Commonly touted as one of the young heirs to Bristol’s ‘Purple’ throne, if there’s one thing David Corney has always delivered, it’s depth. Perhaps more of a prince in ideology than execution, his slide from beatific dubstep funk towards the sultry side of synthwave helped turn out breathless debut album, ‘Broadcast’, and the retro styles and sprawling cinematics he journeyed through on that LP have endured. But where that set hit loud and crisp with clipped percussion and occasional busy urgency, ‘Modern Worship’ feels much more of a slow jam.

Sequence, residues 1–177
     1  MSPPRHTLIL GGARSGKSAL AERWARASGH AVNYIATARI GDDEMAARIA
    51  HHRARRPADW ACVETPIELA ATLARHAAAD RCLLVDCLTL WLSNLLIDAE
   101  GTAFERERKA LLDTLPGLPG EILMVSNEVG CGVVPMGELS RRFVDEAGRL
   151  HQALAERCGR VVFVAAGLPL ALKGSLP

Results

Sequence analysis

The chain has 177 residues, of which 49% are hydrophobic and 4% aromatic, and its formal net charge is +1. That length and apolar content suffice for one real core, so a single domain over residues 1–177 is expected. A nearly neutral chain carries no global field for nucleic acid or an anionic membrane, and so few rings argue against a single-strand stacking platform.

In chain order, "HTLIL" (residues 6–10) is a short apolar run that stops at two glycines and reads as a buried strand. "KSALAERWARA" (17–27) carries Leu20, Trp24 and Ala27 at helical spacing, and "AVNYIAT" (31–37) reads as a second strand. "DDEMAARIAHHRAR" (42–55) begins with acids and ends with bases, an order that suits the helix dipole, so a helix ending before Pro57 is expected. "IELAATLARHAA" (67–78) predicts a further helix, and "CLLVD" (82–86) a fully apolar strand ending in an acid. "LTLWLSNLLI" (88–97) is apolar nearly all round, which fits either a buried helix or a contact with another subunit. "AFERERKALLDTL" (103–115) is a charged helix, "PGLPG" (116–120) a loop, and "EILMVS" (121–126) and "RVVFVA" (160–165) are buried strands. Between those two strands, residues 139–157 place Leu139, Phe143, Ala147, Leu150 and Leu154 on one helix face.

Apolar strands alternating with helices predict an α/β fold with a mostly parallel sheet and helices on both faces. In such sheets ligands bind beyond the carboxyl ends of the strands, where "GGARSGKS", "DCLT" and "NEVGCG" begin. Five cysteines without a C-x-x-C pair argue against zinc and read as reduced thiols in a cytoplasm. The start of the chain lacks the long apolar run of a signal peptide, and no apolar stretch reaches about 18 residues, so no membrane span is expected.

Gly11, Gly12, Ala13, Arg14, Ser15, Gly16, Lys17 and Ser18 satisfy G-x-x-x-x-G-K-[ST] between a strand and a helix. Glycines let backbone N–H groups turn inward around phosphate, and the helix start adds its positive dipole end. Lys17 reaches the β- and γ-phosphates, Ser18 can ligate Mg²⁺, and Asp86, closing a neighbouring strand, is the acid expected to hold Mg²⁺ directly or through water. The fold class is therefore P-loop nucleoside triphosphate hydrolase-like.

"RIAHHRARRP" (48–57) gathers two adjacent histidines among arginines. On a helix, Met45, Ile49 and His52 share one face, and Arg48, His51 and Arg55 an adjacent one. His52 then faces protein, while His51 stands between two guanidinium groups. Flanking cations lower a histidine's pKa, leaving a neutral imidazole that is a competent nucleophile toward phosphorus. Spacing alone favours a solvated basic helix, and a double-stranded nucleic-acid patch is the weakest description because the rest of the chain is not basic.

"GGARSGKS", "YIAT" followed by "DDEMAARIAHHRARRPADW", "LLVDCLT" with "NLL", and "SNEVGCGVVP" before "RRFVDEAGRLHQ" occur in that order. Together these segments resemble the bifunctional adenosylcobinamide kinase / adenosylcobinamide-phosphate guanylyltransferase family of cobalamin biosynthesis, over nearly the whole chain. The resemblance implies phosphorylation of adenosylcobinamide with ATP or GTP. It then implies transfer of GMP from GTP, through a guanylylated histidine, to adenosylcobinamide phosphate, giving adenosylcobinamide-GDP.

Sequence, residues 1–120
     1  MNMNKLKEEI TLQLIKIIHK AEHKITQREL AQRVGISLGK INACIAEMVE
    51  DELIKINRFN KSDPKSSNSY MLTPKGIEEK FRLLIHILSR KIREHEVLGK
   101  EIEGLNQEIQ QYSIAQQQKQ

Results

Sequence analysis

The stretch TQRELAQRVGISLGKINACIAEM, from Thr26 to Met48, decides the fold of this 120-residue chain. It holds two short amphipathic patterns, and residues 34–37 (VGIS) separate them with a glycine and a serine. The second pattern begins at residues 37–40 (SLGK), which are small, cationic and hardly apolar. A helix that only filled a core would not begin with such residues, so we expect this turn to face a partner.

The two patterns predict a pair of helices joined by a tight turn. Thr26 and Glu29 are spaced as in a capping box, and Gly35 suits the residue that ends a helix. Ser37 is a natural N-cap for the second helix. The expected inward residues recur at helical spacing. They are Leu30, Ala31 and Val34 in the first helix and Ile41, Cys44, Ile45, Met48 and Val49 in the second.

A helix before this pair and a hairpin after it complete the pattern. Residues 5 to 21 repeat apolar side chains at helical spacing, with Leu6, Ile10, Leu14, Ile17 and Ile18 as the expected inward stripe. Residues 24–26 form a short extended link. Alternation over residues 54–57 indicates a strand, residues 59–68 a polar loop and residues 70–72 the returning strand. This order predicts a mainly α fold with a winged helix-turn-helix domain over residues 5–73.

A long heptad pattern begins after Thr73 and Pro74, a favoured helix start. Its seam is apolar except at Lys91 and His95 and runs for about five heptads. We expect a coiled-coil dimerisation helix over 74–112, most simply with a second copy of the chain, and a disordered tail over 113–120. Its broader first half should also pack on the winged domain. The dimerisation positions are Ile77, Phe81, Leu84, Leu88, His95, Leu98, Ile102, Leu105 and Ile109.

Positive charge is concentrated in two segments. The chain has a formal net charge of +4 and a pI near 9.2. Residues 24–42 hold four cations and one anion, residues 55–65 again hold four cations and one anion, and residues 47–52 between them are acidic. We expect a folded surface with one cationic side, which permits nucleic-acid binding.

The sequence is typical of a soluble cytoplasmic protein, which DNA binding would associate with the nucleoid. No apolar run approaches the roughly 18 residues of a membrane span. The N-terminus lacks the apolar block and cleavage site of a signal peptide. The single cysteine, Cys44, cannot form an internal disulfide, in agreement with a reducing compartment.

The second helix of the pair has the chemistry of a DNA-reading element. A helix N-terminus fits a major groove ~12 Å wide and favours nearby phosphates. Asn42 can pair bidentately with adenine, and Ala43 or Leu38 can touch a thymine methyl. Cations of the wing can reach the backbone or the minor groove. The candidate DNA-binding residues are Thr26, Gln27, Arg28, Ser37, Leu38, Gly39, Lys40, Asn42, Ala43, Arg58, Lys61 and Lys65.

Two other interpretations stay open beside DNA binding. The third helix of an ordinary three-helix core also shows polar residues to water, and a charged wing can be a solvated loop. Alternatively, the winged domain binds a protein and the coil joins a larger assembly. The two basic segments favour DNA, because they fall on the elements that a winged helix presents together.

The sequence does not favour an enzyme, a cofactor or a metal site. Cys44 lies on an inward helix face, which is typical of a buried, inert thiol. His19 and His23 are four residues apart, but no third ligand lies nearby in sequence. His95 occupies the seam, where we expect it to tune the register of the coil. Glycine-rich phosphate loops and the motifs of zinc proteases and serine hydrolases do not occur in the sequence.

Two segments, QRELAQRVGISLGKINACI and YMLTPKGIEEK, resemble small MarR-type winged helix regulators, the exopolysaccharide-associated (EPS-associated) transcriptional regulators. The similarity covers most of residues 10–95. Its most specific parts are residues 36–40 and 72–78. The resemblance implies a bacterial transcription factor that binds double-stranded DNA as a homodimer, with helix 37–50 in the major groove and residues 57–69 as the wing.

With its drizzling synth, interstellar space signals and sweet binary bleep, it’s a collection melted down by high production values and clinical sequencing that neither drops nor pops. It’s a cautious variety that glides instead of jilts through styles, with Corney’s gilded touch the silent driving force behind the falsetto velvet crush of ‘Four Walls’, the heavy M83 sighs of ‘This City is Ours’, and the jagged melody on standout effort, ‘Jam the Network’. That measured balance also lets tracks like ‘Lovers’ hit with a Miami bounce and 8-bit breaks, the psychedelic skitter of ‘Northwest Passage’ steam like a New York street, and ‘Cloud Bridge’ cast a neon-glaze over a shimmering city skyline. More silky than spectacular, then, ‘Modern Worship’ is another creeping triumph, and a pitch-perfect set that plays out beautifully.

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